Friday, November 21, 2014
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The tax-cut president

Now that President Obama has signed the economic stimulus package, let us highlight an interesting fact that has been largely underplayed in the news coverage:

The tax-cut president



Now that President Obama has signed the economic stimulus package, let us highlight an interesting fact that has been largely underplayed in the news coverage:

A Democratic chief executive has signed into law the largest two-year federal tax cut in history...yet virtually the entire Republican caucus on Capitol Hill voted against it.

To repeat: A liberal Democrat has signed into law a bill mandating $282 billion in tax cuts over the next two years - dwarfing George W. Bush's $174 billion in tax cuts during his first two years - yet the party that typically invokes "tax cuts" as its ideological mantra decided to vote No. There are 219 Republicans in the House and Senate; 216 voted against a tax cut that's bigger than the Bush cut.

Republicans have been busy lately spiking the ball in the end zone, and posting triumphalist videos about their alleged comeback (to the tune of Aerosmith's "Back in the Saddle," although Aerosmith told them yesterday to knock it off). Their behavior has been fascinating, given the fact that the voters have treated them as roadkill in two straight elections, and that their persistent attacks on the stimulus package have netted them zilch in the national polls. In Orwellian fashion, they have somehow convinced themselves - or, rather, the conservative base to which they are beholden has convinced itself - that defeat is victory, that reflexive opposition is tantamount to wisdom.

Indeed, they're so proud of saying No that they seem not to recognize the inherent political risks. Which brings us to this massive tax cut:

Do they not recognize how badly they have been rolled, how the Democrats may well have swiped one of their signature issues?

Thinking ahead to the 2010 and 2012 elections, the political-messaging shorthand goes like this: Obama in his campaign promised a huge tax cut for the American people. Within weeks of his inauguration, Obama and the Democrats delivered a huge tax cut for the American people. And virtually all the Republicans voted against it.

Democratic congressmen in swing districts can use that argument to defend themselves; more importantly, Democratic challengers in swing districts can use that argument against vulnerable Republican incumbents, pointing to the record. And Obama, in a re-election campaign, can use that argument to remind voters that his party delivered the big tax cut with no help from the other side.

Yeah, I know the counter-arguments. Republicans no doubt would argue that the big tax cut was subsumed by all the big expenditures, and so therefore it was not really a tax cut worthy of support. They'd argue that they stood tall and refused to be hoodwinked by a massive socialist spending package that burdens our children and our children's children and all children beyond. (They'll overlook the fact that the stimulus bill was backed by the eminently capitalist U.S. Chamber of Commerce, and the National Association of Manufacturers.) But the big flaw in this likely GOP argument is obvious: the minority party - by spending so lavishly and spreading so much red ink on the federal ledger during the Bush era, thereby burdening future generations - has forfeited its image as the party of fiscal prudence.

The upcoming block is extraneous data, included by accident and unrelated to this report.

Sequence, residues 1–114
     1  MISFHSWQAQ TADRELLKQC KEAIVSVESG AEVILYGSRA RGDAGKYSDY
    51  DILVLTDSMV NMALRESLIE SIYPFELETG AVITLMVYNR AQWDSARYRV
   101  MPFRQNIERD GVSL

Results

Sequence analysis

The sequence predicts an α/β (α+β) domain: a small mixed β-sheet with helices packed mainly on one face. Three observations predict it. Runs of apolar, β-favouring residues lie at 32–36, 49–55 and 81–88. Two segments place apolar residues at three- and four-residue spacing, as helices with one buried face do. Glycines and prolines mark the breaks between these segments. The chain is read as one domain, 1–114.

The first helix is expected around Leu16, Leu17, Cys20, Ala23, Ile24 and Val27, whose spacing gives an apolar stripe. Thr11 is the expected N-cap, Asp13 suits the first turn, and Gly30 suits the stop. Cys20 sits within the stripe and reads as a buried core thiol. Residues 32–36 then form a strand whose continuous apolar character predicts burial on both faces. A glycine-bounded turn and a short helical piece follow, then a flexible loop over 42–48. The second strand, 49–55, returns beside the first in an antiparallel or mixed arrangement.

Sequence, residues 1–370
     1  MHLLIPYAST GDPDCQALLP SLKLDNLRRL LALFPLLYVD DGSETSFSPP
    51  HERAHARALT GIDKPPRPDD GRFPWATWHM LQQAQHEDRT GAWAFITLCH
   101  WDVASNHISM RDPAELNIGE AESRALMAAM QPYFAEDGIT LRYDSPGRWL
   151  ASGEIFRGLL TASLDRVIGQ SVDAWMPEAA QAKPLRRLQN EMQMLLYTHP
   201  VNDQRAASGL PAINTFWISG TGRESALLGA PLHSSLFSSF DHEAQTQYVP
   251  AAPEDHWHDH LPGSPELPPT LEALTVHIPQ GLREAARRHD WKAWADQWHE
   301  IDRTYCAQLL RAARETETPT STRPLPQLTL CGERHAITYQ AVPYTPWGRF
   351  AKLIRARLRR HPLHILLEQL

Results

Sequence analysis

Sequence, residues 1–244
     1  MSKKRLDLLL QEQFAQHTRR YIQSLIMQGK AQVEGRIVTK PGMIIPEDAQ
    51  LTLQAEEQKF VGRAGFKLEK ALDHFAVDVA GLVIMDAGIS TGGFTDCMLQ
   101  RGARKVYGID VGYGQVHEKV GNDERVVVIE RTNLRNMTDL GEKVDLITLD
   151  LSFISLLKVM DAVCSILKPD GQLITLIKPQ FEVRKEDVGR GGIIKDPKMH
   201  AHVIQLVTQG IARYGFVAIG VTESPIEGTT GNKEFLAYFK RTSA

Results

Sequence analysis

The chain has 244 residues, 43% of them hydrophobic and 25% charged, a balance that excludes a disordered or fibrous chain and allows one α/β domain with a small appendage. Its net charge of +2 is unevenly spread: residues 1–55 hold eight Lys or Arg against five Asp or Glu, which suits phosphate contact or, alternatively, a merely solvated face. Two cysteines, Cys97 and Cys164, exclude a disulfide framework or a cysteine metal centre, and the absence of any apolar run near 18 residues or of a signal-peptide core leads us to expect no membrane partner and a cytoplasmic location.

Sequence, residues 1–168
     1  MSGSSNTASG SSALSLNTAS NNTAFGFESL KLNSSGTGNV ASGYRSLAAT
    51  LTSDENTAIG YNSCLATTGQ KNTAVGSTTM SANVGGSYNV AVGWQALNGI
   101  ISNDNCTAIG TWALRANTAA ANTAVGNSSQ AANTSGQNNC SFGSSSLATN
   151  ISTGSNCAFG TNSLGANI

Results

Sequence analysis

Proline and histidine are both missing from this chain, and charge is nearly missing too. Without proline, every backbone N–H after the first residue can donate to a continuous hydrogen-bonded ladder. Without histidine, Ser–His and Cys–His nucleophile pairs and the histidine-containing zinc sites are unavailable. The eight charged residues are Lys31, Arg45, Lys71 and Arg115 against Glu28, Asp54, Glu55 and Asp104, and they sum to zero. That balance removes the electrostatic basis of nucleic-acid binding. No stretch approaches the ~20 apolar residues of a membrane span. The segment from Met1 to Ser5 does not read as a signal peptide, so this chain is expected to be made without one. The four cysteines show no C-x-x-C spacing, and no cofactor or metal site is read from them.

In politics, you never want to be playing defense. A Republican who has to explain why he or she voted No on a big tax cut is playing defense. Worse yet for the GOP, this tax cut has been heavily targeted to working and middle class families (just as Obama promised in '08) - unlike the Bush tax cuts, which were skewed toward the more affluent. According to the exit polls last November, Obama easily outperformed John McCain among voters earning between $30,000 and $75,000. It's hard to see how the Democrats will lose ground among those workers in 2010 by arguing that they delivered a promised, targeted tax cut - and that the Republicans voted against it.

The Republicans appear to be boxed in, to the point where they have to pin their dreams of a comeback on the prospect of greater misery for more Americans. In fact, if Obama's recovery efforts start to pay off down the road, they won't even be able to argue that it's the good ole Republican-style tax cut which is really fueling the recovery...because they did nothing to make the tax cut happen.

Do the Republicans recognize this predicament? Probably not. As usual these days, they appear to be flying on auto-pilot, way too close to the ground.


 

Dick Polman Inquirer National Political Columnist
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Dick Polman Inquirer National Political Columnist
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